Of course Jetstar has a problem with our tickets that requires multiple stops at different ticket counters (Amanda is listed as a ‘Miss’ and they seem to take great offense that a she is not ‘Mrs’) and then that flight out of Dong Hoi is delayed. It’s been that kind of day.
When we get on the airplane it looks like we’re being gassed. But I’ve seen that water vapor effect before. It’s alarming but common in hot climates.
Emma and Lily have never had their own room when we’ve traveled! We are the only customers in the restaurant as it closes, but they serve up decent grub. They are much busier for breakfast the next morning.
The bad news continues…
‘Mr. David, there is a cyclone coming and they are not letting boats go into Lan Ha Bay’. The reality isn’t quite that dramatic. The cyclone is much to the south, but the winds will pick up and they would rather be safe than sorry.
Though we would happily stay another day in the Somerset, there are limited tickets on the hydrofoil that takes us to Cat Ba town from which our boat departs.
We somehow get put in the ‘VIP’ lounge on the hydrofoil which is not just more comfortable, but helps us avoid the sea sickness others are experiencing. Emma and Lily laugh the whole time. They have been cracking up a lot at each other’s stupid jokes and stories of high school nonsense.
We’re arriving on a Sunday and there is a long line for the fast hydrofoil return trip. It’s hot and windy, intermittently humid and rainy. The Cyclone is messing with the normal weather.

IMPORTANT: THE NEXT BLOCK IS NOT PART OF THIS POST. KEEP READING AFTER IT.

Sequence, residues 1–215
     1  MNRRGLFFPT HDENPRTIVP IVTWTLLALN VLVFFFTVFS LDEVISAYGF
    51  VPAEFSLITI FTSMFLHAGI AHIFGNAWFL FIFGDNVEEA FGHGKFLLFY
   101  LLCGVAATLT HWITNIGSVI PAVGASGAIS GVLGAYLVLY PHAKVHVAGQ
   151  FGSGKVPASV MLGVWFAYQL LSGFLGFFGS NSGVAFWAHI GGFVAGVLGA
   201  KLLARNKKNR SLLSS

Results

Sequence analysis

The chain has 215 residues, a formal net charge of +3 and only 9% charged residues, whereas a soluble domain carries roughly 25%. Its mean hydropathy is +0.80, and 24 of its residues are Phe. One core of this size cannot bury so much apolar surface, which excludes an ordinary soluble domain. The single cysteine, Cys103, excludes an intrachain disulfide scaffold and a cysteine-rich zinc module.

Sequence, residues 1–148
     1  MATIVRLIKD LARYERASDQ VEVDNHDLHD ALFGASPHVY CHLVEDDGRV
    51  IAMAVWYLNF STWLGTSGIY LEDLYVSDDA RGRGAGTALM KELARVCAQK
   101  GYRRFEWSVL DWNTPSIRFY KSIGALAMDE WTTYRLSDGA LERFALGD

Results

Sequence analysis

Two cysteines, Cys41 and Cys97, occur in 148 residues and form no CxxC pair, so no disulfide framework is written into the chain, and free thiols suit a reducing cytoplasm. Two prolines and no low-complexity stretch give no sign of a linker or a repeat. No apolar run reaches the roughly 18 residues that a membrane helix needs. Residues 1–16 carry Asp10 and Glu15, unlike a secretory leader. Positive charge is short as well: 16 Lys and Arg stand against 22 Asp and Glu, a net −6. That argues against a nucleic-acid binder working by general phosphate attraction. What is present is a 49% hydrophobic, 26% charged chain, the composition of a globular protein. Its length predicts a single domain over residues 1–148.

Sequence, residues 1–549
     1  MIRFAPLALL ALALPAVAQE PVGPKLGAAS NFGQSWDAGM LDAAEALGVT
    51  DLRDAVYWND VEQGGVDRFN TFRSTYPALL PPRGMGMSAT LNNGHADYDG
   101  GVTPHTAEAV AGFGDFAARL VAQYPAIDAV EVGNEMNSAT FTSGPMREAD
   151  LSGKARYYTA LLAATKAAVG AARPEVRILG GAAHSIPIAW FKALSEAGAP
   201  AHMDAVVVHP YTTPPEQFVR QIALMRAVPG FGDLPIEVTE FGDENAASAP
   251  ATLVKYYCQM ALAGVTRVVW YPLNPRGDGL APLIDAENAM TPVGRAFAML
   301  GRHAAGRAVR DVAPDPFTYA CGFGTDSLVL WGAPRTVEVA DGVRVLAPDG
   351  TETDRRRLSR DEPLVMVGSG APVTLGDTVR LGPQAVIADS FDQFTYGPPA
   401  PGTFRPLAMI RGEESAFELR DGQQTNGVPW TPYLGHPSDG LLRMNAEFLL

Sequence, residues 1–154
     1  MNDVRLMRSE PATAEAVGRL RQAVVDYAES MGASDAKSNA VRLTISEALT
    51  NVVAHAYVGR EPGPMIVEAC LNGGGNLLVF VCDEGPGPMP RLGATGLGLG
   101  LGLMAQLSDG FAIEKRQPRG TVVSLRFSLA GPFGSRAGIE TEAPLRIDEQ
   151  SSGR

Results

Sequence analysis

Since we can’t leave today, we have to find a hotel. Amanda and I take to the streets, backpacker style and find a place for $30 a night that has cold AC and hot water but little else. (The sheets are washed in heavily scented detergent and all night I would smell artificial raspberry.) But it’s good and we know we have a place to stay.
We eat at a little restaurant called ‘Bamboo Cafe’ that has decent Vietnamese fare. The fresh chilies are particularly hot and Amanda ends up crying with pleasure from the spicy pho chay. The broth is basically water, but with the little limes, mint, basil chili it turns into a recognizable pho. Lily has Pho ga, with chicken and Emma nibbles at her fried rice which is pretty bland.
Very full, we grab a taxi and go up to the Canon Fort, which was built by the occupying Japanese during WWII. It boasts some pretty goofy displays (they used to have plastic army men manning the artillery) but also has the best views from this side of the island.
Cat Ba island is the largest in the Ha Long bay area which has 1600 or so limestone ‘islands’ that rise up from the sea and are covered in jungle. It’s a spectacular karst phenomenon that gives the whole area astounding beauty. There are tons of activities here but mostly they involve sailing, swimming or kayaking.
There is also amazing rock climbing because the limestone dissolves in straight walls with lots of edges for foot and hand holds. One can climb lots of places with no harness with the sea beneath you as a cushion should you fall off.
With luck we leave tomorrow and will do some rock climbing of our own, only with harnesses and gear. We stop by a rock climbing place Asia Outdoors to buy the tickets and size our shoes. (Lily does some dance moves including her full split.)
Dinner and sleep are slow and easy – just passing the time as we wait for the cyclone to pass.